This study aims to investigate cellular immunity and clinical efficacy of ShenQi FuZheng Injection (SFI) in the associated chemotherapy of colorectal cancer (CRC).
PubMed, Cochrane Library, EMBASE, China National Knowledge Infrastructure (CNKI), Chinese Scientific Journals Full-text Database (VIP), WanFang Database and Chinese Biomedical Literature Database (CBM) searches were undertaken to identify randomized controlled trials of SFI plus chemotherapy versus chemotherapy alone in CRC patients. The quality of each trial was assessed according to the Jadad’s scale, and Review Manager 5 was used to statisitically analyze the outcomes.
Eight studies involving 722 patients were included in this review. The meta-analyses suggested there was a significantly higher overall response rate (OR 1.89; CI: 1.10–3.24; p = 0.02), grades of KPS (OR 2.35; CI: 1.55–3.56; p<0.01), CD3+cells (MD 10.29; CI: 8.46–12.12; p<0.01), CD4+cells (MD 7.06; CI: 5.33–8.794; p<0.01), CD4/CD8+cells (MD 0.32; CI: 0.25–0.40; p<0.01), NK+ (MD 7.20; CI: 2.02–12.37, p = 0.006), WBC (MD 1.24; CI: 0.59–1.89; p<0.01), HB (MD 14.55; CI: 7.47–21.63; p<0.01), and PLT (MD 19.05; CI: 4.29–33.81; p = 0.01), but lower severe toxicity for leukocytopenia (OR 0.37; CI: 0.17–0.80; p = 0.01), thrombocytopenia (OR 0.32; CI: 0.14–0.74; p = 0.008), gastrointestinal toxicity (OR 0.48; CI: 0.24–0.96; p = 0.04), when chemotherapy combined with SFI was compared with chemotherapy alone. There were similarities between two groups in liver dysfunction (OR 0.44; CI: 0.18–1.08; p = 0.07) and CD8+ (MD 0.54; CI: -1.89–2.96; p = 0.66). Also, there was presence of heterogeneity in the CD8 results; after the sensitivity analysis, the result of CD8+ was reversed (MD 1.57; CI: 0.32–2.81; p = 0.01). There was no significant publication bias across studies according to the Egger’s (P = 0.19) and Begg’s test (P = 0.23).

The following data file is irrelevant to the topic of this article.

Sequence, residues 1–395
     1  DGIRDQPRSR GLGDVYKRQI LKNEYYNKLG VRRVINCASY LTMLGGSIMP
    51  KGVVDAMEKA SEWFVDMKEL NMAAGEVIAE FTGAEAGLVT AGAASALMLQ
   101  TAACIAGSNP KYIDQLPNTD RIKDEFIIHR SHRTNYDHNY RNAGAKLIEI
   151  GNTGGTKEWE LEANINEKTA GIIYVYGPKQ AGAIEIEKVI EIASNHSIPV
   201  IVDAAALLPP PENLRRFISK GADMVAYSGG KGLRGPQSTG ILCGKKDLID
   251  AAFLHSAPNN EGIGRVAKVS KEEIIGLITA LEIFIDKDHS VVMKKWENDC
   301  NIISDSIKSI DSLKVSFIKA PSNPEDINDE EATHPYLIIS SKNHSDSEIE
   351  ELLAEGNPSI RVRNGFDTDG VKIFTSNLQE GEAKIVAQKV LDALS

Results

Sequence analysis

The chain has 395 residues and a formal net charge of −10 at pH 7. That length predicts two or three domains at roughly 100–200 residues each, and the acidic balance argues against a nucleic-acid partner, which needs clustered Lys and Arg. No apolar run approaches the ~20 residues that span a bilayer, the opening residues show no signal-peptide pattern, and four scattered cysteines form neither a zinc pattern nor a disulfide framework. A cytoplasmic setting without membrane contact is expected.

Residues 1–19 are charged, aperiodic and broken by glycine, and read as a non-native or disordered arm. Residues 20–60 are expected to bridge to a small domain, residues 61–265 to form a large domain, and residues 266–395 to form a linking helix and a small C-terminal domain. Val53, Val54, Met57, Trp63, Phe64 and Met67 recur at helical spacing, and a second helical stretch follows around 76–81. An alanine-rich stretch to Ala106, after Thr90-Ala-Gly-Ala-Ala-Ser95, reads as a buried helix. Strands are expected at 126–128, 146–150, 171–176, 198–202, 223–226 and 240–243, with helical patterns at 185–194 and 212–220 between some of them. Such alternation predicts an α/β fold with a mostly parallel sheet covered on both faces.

Citation: Xu R, Lin L, Li Y, Li Y (2017) ShenQi FuZheng Injection combined with chemotherapy in the treatment of colorectal cancer: A meta-analysis. PLoS ONE 12(9): e0185254. https://doi.org/10.1371/journal.pone.0185254
Editor: Jan P. A. Baak, Stavanger University Hospital, NORWAY
Received: December 20, 2016; Accepted: September 4, 2017; Published: September 27, 2017
Copyright: © 2017 Xu et al. This is an open access article distributed under the terms of the Creative Commons Attribution License, which permits unrestricted use, distribution, and reproduction in any medium, provided the original author and source are credited.
Data Availability: All relevant data are included in the paper and it Supporting Information files.
Funding: This study was funded by National Natural Science Foundation of China (grant 81473627).
Competing interests: The authors have declared that no competing interests exist.
Colorectal cancer (CRC) is a malignant tumor in digestive tract worldwide, which accounts for about 9.0% of all cancer deaths [1,2]. In recent years, the incidence of colorectal cancer in western developed countries has decreased as nutrition structures changed [3,4]. However, the colorectal cancer incidence rises in China as more meat is chosen as the source of people’s nutrition. Surgery is the primary option for patients in early stages . In contrast, the only treatment option for the patients in advanced stage is chemotherapy as liver metastasis has been found in nearly 25% of colorectal cancer patients during initial diagnosis . Although chemotherapy has big advantages in both clinical efficiency and safety its side-effects, such as hematologic toxicity, myelosuppression and gastrointestinal toxicity still seriously disturb immune function and life quality of the patients .